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2020 Might Be a Wild One. Or Maybe Not.

Updated: Jul 20, 2023

Vanguard Global Chief Economist Joe Davis recently rolled out his “forecast” for a 50% probability of a stock market correction in 2020. 50/50? …That’s not even a forecast.

Besides being a total disservice to investors, his forecast-- or whatever you want to call it-- is probably just plain wrong. I’d say the probability is much higher, probably more like what they’re saying over at Wells Fargo, that we’ll see a five to ten per cent correction in early 2020. Beyond the early part of the year, if I were to set all personal bias aside, I’d say that a unified Democratic result, where the party secures the presidency as well both chambers of Congress, would be terrible for stocks. On the other hand, an executive branch and legislative branch at odds with each other would likely mean a very strong end to the year for equities.

But of course, we have to keep it in perspective. Tax cuts, the Fed, the deficit, the national debt, earnings, politics, etc. are all things that we know. 2019 may have felt difficult based on the headlines, but the reality is that people made a lot of money last year, and all these things are baked in. As Jeff Gundlach likes to say, this is the "bloodless verdict" of the market-- and the market was up big.

Record prices and peak valuations have raised concerns over the outlook for stocks, but the 2010’s provided us with some valuable lessons that I think will prove to be helpful in the coming decade:

  • Your asset allocation will likely have a bigger impact on your performance than your security selection. Asset allocation is perhaps more boring than security selection, but it will almost always be the most significant part of your performance attribution.

  • Something will happen this year that doesn’t make any sense at all. Something is bound to defy expectations whether it involves geopolitics, irrational market movements, corporate takeovers, huge gainers, huge losers, or whatever. I’ve learned I’ll almost always be surprised by markets to some degree and that the trick is to not be surprised that you’re surprised.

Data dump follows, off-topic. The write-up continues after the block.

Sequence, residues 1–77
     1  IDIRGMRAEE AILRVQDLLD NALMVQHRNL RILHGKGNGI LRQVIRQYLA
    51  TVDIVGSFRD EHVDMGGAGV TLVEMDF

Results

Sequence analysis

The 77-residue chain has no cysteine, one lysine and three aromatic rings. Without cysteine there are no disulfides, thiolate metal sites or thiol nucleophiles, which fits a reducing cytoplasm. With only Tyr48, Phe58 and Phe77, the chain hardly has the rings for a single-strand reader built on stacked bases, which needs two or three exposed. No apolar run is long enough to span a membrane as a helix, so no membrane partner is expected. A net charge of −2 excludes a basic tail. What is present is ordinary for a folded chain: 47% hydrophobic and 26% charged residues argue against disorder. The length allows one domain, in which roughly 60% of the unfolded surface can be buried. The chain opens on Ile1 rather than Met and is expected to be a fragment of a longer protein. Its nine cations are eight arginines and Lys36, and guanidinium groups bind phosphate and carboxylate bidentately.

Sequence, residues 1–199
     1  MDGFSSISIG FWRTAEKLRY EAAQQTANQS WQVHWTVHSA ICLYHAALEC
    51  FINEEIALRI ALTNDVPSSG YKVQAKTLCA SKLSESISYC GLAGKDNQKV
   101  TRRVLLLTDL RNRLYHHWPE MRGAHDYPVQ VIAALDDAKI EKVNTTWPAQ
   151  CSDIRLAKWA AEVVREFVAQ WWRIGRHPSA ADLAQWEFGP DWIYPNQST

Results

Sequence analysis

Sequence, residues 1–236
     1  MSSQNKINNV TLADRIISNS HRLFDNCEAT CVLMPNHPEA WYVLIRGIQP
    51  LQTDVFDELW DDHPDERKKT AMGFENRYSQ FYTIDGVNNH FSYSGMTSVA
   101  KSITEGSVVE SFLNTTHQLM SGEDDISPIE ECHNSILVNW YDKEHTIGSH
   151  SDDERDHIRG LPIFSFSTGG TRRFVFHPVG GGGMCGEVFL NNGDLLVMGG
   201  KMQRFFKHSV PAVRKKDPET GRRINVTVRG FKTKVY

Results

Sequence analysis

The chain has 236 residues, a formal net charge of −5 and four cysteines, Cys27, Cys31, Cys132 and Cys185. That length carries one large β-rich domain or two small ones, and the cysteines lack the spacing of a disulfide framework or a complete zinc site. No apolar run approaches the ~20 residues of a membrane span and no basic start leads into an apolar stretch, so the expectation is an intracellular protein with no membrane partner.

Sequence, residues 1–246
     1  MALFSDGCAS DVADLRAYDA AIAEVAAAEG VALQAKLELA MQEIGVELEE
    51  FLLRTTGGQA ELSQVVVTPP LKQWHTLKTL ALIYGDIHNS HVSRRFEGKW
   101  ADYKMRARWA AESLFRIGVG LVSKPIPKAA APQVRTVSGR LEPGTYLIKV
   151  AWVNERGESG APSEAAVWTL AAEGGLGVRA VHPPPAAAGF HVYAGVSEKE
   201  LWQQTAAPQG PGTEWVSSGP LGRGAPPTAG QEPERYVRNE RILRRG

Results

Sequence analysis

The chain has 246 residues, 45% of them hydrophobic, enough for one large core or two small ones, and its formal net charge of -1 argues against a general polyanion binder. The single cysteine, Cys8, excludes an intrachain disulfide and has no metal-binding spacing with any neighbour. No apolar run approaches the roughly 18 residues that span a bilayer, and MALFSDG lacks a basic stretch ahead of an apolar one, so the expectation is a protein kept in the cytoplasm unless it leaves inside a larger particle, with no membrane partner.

• In order to be successful, you will need to invest for time in the market, not timing the market. The single best investment you can make will likely be an increase in your savings rate.

“Timing” markets is a difficult task even for professional investors, and while investors may be lucky enough to avoid drawdowns, they may still fail to benefit from rebounds. We view a long-term, strategic mindset as the bedrock of investment strategy, and that’s certainly not changing in 2020. The point is that we probably will see some bouts of volatility in the coming year, but we expect moderate economic growth, subdued inflation, and fluid political dynamics to be supportive for equities. When it comes to price corrections, valuations normalize through earnings and time.

Many market observers in 2019 believe they witnessed cyclical warning signs which start the countdown to the next recession. However, we do not believe a recession is a foregone conclusion. Rather, we expect a modest global expansion to be sustained in 2020 by the stability of the consumer, committed central banks, financial condition tailwinds, and improved visibility on persistent geopolitical issues such as Brexit, trade, US impeachment, and elections. Therefore, our recommendations are to:

  • Stick to your plan by maintaining strategic asset allocation

  • Seek bottom-up strategies over pure beta

  • Utilize income-oriented strategies and alternatives in light of moderating returns and episodic volatility

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